Barton upon Humber successful in Museum resilience fund bid

By janetuplin |

A project promoting historical Barton upon Humber has received funding worth £66,000 over the next two years.

The money, awarded by Arts Council England’s Museum resilience fund, will see the town’s history move into the modern era and create an enhanced visitor experience, professional marketing, digital presence, and greater exposure to the outside world.

Liz Bennet, of The Ropewalk Museum, said the successful application had been a partnership with the Wilderspin National School supported by the Barton Tourism Partnership.

“We all believe that what we have to offer in Barton is a valuable visitor experience.    This project will put us on the map through increased web presence, greater connectivity through Wikipedia, a more accessible interactive interpretation of the whole town and will raise our profile and make us ready to benefit from national interest in our neighbour’s Hull City of Culture 2017,” she explained.

One aspect of the successful bid is to appoint a Wikipedian in residence for six months to make sure that Barton upon Humber is referenced and linked on line to as many resources as possible.

“For example if you were to look up the Samaritans you would then find that the founder, the late Prebendary Dr Chad Varah CH CBE, was from Barton and then from there it would link to Barton, the house where he lived and its history.” Liz continued

Other aspects of the project include the development of a mobile app so the history of any of the town’s numerous noteworthy buildings can be accessed including  details about its construction and any other interesting facts and employing a heritage marketing professional part time for a year to develop a marketing strategy and audience development plan for Barton’s heritage sites individually and as a whole.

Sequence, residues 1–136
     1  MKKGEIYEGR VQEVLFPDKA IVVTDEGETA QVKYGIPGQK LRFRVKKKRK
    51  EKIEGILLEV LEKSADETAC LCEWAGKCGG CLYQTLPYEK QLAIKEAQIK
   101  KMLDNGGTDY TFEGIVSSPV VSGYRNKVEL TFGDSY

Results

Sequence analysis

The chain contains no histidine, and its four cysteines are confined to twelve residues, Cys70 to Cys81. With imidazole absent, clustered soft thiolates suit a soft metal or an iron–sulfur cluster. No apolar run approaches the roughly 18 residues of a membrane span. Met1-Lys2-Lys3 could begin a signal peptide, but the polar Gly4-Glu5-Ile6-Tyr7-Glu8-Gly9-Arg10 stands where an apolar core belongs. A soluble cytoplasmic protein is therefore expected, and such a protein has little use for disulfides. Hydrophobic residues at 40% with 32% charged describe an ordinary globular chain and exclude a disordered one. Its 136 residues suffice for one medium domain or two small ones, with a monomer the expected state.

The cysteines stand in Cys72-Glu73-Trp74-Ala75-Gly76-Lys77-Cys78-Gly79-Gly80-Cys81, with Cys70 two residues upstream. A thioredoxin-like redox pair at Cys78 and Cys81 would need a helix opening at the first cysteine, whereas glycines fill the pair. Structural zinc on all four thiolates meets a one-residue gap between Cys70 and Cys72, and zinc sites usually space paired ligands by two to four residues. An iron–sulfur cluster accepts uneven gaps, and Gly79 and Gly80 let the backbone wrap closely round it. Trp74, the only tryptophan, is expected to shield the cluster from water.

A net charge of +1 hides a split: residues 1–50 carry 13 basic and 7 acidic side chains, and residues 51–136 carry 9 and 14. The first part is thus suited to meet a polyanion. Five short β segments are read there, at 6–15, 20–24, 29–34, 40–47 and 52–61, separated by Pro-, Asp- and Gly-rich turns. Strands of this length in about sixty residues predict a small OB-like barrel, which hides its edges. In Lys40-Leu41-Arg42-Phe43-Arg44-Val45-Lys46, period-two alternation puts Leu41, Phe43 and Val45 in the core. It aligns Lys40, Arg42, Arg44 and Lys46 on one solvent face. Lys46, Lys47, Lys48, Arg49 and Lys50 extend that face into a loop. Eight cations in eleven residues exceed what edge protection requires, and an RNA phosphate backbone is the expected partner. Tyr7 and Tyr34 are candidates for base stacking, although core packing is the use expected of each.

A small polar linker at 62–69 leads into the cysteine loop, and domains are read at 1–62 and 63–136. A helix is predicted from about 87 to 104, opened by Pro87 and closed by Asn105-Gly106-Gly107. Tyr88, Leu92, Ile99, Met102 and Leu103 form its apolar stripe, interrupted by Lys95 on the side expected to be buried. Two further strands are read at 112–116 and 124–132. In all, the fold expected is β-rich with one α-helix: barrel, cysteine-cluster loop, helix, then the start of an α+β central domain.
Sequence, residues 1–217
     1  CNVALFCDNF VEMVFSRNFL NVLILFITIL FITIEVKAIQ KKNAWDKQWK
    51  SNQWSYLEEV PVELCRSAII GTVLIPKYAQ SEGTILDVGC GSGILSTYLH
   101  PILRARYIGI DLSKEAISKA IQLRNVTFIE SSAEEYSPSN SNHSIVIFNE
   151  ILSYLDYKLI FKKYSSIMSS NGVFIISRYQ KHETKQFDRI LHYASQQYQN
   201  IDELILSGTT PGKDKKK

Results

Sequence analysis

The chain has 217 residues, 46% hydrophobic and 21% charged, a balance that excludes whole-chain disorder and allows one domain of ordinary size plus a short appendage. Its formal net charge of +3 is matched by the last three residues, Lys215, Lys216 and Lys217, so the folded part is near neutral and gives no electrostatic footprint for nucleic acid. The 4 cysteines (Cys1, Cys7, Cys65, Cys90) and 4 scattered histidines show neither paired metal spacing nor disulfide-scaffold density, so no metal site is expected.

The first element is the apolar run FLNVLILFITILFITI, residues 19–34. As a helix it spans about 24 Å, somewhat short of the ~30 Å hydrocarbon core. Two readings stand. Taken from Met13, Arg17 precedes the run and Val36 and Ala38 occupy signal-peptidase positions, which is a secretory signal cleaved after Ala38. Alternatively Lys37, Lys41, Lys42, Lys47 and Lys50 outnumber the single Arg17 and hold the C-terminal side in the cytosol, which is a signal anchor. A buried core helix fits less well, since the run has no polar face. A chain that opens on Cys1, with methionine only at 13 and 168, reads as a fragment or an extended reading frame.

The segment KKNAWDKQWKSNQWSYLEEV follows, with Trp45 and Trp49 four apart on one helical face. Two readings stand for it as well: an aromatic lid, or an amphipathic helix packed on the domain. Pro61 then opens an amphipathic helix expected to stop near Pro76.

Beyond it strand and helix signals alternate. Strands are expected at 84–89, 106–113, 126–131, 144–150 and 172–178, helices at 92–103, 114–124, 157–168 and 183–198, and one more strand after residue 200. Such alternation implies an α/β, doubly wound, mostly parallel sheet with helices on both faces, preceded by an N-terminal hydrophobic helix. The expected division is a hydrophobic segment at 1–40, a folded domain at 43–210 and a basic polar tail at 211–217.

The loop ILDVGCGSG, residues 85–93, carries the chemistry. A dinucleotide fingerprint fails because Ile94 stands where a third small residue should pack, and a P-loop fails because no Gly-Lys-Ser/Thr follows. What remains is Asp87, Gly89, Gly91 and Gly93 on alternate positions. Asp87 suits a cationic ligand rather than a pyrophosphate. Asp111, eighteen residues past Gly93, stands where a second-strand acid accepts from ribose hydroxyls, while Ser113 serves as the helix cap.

Other aspects would include revising and updating the town’s popular shrink map and developing  a circular trail that links all three museums via buildings of interest.

“As far as we are aware we think that this holistic approach to interpret the history of the whole town is an unusual and new approach to developing the viability and resilience of museums,” Liz added.

Sarah Maxfield, Area Director, North, Arts Council England, said: ‘“Our Museums resilience fund supports museums by enabling them to become more sustainable and robust, whatever their size, and helping them to offer improved experiences for both audiences and artists. I’m delighted that 27 museums across the North have been awarded a total of £3.7 million in this round and look forward to seeing the results of this funding in the future. The Arts Council’s aim is to achieve great art and culture for everyone – the North has some fantastic museums across the area which between them reach thousands of visitors each year therefore greatly supporting us in our mission. ”

 

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The annual Ropewalk Studio Artists Exhibition features work from

David Alcock
Sally Beaumont
Emily Connor
Deborah Grice
Gill Hobson
Richard Hatfield
Judith Land
Tim Needham
Michael Scrimshaw
Reginald Swinney
Shirley Trumble
Keith Woodcock
85 Fathoms

By richardhatfield |

Fair Ground Fables – Michelle Forrest-Beckett

Michelle recalls a frightfully fascinating childhood memory of a former sideshow attraction in Whitby. Her recollection of witnessing a pickled dicephalic baby and the staked bones of Dracula began the blurring of the boundaries between reality and fantasy.

‘Fairground Fables’ was conjured to question the satirical and moral ambiguity of fringe entertainment presented behind the curtains of Vaudeville theatres and Victorian Side Shows. Michelle draws from idioms and fables that play with tales of tragedy and fortune as well as the traces of life that befall the discarded or well loved, by enlivening everyday objects with an air of uncertainty.  She assembles things left behind on dusty shelves, creating magnetic forms that encourage the viewer to take an encounter with the apprehension of things.  ‘Fairground Fables’ is bent with a nostalgic and melodramatic allure that bestows something provocative and enchanting.

 

On November 24 Michelle will be running a workshop teaching participants how to make their own Fairground Fable. Bookings can be made in the Craft Gallery.